Our Practice Areas
Administering An Estate
When a person dies, there are a great many issues that must be handled. Obviously, there is the need to make funeral arrangements, to arrange for organ donations, if applicable, and other “personal” matters. There are also a number of legal and tax issues that must also be handled. Fedele and Murray, P.C., can provide guidance through these complicated, and often, very confusing issues. While by no means exhaustive of all the issues to be addressed, this summary will discuss a number of matters that must be considered.
The Probate Process
If a person dies owning assets in their individual name, those assets cannot be accessed or transferred without authority from the Probate Court. This is true even if the decedent had a will. Having a Last Will and Testament in place does not mean that probate can be avoided, but it can sometimes make the process a little easier (at least as opposed to the situation that can occur when the decedent has no will.) Certain assets pass automatically and do not have to be “probated.”
For example, assets that are jointly held will pass automatically to the surviving joint owner(s), if any. Other assets can pass automatically by virtue of a properly completed beneficiary designation. Examples of this latter class of assets include life insurance policies, annuities and retirement assets (including, but not limited to, Individual Retirement Accounts, 401(k) plans, profit sharing or pension plans, etc.). Assets held in trust can also “avoid” probate. For a more detailed discussion, see Probating An Estate.
Guardianship For Minor Children
If there are minor (generally under the age of 18) children who are left orphaned by the decedent’s death, a guardian must be appointed for them by the Probate Court. If the decedent left a will naming someone to serve as Guardian, that person will generally be appointed by the Court. However, naming a person as Guardian in your will does not necessarily guarantee that this person will be named. Your will only nominates the person to serve as Guardian; it is up to the Probate Court to confirm the appointment.
While, in most cases, the person nominated will be appointed by the Court, interested parties do have the right to object to the nomination. In such a case, the Court will hold a hearing and make a decision based upon all the facts and circumstances. Such contests over who should serve as guardian often occur where there has been a divorce and/or where other relatives believe the named Guardian is not fit to serve.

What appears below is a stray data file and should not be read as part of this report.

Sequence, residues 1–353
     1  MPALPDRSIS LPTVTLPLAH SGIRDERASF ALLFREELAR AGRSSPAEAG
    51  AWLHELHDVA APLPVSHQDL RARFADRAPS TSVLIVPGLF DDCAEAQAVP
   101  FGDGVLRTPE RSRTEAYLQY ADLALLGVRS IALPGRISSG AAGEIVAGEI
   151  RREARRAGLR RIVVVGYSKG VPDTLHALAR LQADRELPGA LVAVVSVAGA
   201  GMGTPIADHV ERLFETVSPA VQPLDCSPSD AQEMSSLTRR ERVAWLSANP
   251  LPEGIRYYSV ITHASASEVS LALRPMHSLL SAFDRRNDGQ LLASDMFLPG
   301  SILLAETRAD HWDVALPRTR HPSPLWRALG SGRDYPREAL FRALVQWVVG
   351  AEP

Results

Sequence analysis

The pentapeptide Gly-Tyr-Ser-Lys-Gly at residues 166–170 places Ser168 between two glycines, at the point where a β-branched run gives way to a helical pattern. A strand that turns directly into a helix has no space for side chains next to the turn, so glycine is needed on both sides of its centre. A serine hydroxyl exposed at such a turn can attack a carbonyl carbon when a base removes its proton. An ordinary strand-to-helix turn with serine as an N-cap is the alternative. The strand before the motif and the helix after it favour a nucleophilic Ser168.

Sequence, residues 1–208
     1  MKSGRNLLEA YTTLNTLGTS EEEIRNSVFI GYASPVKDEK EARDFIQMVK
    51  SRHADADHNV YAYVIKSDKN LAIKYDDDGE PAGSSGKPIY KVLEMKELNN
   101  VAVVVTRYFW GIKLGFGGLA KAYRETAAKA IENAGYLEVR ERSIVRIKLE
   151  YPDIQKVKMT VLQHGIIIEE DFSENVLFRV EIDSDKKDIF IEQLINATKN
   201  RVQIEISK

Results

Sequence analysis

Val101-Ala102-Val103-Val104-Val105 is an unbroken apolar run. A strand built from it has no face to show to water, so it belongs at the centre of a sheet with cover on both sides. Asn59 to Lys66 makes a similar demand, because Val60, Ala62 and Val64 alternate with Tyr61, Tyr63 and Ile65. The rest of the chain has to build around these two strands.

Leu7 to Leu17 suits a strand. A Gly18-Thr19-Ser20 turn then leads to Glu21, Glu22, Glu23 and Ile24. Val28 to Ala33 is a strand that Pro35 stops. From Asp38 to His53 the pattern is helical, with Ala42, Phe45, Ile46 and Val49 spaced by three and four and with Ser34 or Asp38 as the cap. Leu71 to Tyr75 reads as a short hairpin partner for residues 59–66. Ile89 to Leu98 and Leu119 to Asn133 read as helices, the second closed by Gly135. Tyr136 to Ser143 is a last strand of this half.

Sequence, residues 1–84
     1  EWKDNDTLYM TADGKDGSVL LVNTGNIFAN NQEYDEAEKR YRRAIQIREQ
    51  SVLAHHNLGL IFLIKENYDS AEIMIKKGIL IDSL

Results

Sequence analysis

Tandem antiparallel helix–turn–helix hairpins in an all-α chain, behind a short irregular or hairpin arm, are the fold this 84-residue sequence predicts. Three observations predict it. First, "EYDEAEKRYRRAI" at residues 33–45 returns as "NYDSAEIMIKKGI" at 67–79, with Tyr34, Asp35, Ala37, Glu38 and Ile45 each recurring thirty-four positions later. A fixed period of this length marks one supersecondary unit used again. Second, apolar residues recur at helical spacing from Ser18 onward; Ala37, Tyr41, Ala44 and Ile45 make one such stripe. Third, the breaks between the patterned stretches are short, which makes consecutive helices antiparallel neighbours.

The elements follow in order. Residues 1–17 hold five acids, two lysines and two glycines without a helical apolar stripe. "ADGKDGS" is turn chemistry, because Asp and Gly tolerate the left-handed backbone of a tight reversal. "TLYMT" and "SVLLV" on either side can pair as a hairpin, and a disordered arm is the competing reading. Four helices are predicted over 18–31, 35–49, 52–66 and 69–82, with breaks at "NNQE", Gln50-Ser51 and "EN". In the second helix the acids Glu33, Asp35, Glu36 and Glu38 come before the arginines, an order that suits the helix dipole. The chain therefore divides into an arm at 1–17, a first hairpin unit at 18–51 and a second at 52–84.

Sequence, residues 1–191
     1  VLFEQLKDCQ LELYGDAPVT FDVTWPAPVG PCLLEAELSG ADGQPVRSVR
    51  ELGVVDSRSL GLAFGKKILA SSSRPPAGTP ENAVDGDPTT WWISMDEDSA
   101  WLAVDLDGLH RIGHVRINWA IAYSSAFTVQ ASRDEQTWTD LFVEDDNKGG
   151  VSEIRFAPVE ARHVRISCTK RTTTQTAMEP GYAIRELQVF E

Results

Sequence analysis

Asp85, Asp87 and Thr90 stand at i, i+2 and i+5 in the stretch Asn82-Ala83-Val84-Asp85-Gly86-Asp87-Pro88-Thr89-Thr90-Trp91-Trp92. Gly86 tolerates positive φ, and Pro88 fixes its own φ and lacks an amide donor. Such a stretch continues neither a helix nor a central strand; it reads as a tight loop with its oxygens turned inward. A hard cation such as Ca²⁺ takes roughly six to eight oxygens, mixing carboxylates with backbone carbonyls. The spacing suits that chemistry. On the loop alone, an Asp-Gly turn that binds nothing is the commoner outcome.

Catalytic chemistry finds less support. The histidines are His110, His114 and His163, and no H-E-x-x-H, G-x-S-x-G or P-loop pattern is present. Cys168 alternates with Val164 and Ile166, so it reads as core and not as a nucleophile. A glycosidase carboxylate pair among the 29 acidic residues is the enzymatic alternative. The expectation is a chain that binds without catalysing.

Estate Tax Returns
Federal and/or state estate tax returns may be required if the total value of the decedent’s assets exceeds the applicable filing thresholds. As of 2020, if the total value of all the decedent’s assets is less than $11,580,000, no Federal estate tax return is required. For Massachusetts purposes, the threshold remains at only $1,000,000. (See The “New” Massachusetts Estate Tax). If either threshold is met, a return will be required. In the case of a married couple, the surviving spouse may want to file a Federal estate tax return even if the deceased spouse’s gross estate is under the $11,580,000 filing threshold.
Filing a return may be advisable to preserve the “portability” provisions of the current law. Under the current federal estate tax law, to the extent a decedent does not use his or her entire $11,580,000 exemption, the unused portion can be used by the surviving spouse someday. Thus, for example, if the deceased spouse’s estate is valued at $2,000,000, he or she would have an unused federal exemption of $9,580,000. That unused exemption can someday be used by the surviving spouse, effectively making the surviving spouse’s exemption $20,400,000 (under current law: $11,580,000 exemption for the second spouse plus the $9,200,000 unused portion of the first spouse’s estate.) To claim the deceased spouse’s unused exemption (“DSUE”), a Federal estate tax return must be filed at the first spouse’s death (even if no return would otherwise be needed because that spouse’s estate was under the federal exemption of $11,580,000).
In determining the total value of the decedent’s assets to determine whether the applicable threshold is met, all of the decedent’s assets must be considered. These include assets the decedent owned individually, those owned through most, if not all, revocable trusts, life insurance (the death benefit thereof if the decedent still possessed any “incidents of ownership” over those policies), retirement assets (even though the benefits thereof may pass directly to a named beneficiary) and any other type of asset which the decedent possessed some form of ownership or control over.